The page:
I've written before about Tunisia's great get-out-the-vote initiatives. But the above video shows the best of all. What they did is restore a giant poster of Ben Ali that used to be a landmark of La Goulette, a suburb of Tunis. Passersby are astounded as they see it in the morning, and their stupefaction shifts to anger. They are being filmed by hidden cameras and don't know what's happening. Watch what they do, it's really clever.

A personal note on Tunisia's elections

Graffiti in Ariana, a suburb of Tunis

I have a confession to make: I used to hate Tunisia. I spent some time reporting there in the last decade and had an awful experience, including a fistfight with police informants who were following me at one point. Many others have had similar experiences. But most of all I disliked Tunisia because so many Tunisians I met seemed perpetually on the verge of a nervous breakdown, which I thought was because they were partly complicit in their ordeal under Ben Ali.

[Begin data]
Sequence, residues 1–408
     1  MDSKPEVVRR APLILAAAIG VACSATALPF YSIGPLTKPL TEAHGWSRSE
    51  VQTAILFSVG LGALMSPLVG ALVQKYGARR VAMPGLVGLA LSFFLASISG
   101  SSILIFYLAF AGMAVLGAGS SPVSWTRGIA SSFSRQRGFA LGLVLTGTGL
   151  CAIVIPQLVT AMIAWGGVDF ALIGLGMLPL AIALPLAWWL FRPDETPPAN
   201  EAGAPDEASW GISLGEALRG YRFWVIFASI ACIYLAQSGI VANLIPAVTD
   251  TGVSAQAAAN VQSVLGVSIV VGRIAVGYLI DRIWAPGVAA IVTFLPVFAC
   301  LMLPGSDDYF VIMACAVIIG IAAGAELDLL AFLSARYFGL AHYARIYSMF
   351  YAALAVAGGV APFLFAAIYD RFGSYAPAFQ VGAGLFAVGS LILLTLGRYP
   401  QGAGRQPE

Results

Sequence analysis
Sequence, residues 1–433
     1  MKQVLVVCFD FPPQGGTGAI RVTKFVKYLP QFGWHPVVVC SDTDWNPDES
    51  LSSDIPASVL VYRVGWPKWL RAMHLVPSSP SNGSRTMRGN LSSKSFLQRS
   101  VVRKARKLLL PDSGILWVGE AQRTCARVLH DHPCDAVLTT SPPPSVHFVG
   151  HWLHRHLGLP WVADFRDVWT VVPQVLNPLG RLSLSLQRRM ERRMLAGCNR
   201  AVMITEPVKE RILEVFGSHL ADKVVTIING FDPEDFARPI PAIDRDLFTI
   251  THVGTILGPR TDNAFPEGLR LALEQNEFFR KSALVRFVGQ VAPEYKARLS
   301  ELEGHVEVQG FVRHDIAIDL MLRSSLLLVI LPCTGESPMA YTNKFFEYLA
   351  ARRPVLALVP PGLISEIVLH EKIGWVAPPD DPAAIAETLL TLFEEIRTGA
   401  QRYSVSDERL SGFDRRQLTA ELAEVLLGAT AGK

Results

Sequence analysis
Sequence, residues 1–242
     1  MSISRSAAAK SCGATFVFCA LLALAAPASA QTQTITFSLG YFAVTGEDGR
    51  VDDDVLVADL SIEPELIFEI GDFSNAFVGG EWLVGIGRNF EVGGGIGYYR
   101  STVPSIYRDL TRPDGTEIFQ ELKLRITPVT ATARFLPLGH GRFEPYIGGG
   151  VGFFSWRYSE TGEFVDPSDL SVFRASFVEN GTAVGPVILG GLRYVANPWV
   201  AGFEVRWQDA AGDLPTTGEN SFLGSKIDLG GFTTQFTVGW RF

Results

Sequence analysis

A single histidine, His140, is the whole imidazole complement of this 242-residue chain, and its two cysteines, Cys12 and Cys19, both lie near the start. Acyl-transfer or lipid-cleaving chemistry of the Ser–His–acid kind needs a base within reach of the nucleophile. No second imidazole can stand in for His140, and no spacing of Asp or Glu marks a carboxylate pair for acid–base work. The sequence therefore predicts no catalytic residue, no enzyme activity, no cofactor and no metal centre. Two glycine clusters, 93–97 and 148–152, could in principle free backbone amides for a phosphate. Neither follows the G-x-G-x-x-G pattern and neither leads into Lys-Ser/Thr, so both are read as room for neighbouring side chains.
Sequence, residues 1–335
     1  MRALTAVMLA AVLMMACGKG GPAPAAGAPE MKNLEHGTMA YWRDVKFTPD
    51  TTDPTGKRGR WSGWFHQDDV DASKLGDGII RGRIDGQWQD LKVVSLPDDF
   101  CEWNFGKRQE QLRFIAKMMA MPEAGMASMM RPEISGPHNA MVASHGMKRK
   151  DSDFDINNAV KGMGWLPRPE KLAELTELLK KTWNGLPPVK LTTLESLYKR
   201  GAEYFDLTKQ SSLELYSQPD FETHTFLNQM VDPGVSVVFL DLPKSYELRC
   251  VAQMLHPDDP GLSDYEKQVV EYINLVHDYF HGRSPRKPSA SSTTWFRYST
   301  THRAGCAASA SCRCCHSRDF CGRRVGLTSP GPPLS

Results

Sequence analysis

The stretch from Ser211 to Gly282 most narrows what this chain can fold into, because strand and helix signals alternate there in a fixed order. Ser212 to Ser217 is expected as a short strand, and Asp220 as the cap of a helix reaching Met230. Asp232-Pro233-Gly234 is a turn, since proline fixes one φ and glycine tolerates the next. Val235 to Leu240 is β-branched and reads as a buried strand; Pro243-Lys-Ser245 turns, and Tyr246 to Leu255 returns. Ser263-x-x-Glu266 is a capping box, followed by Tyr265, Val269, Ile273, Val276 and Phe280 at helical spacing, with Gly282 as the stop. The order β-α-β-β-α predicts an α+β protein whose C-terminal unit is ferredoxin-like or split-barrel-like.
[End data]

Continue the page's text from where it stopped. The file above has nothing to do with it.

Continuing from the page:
Of course I met admirable Tunisians: I remember how, at a conference of human rights activists in Casablanca, a Tunisian woman broke down in tears as she told me of the daily humiliations the police subjected her to when she visited her husband in prison. But I thought far too many of her compatriots were silent, and this beautiful country seemed, compared to boisterous Egypt where I lived, dead in the soul. This was no doubt unfair — I was, in part, blaming the victims. I have never had to endure what they were subjected to.

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In Tunis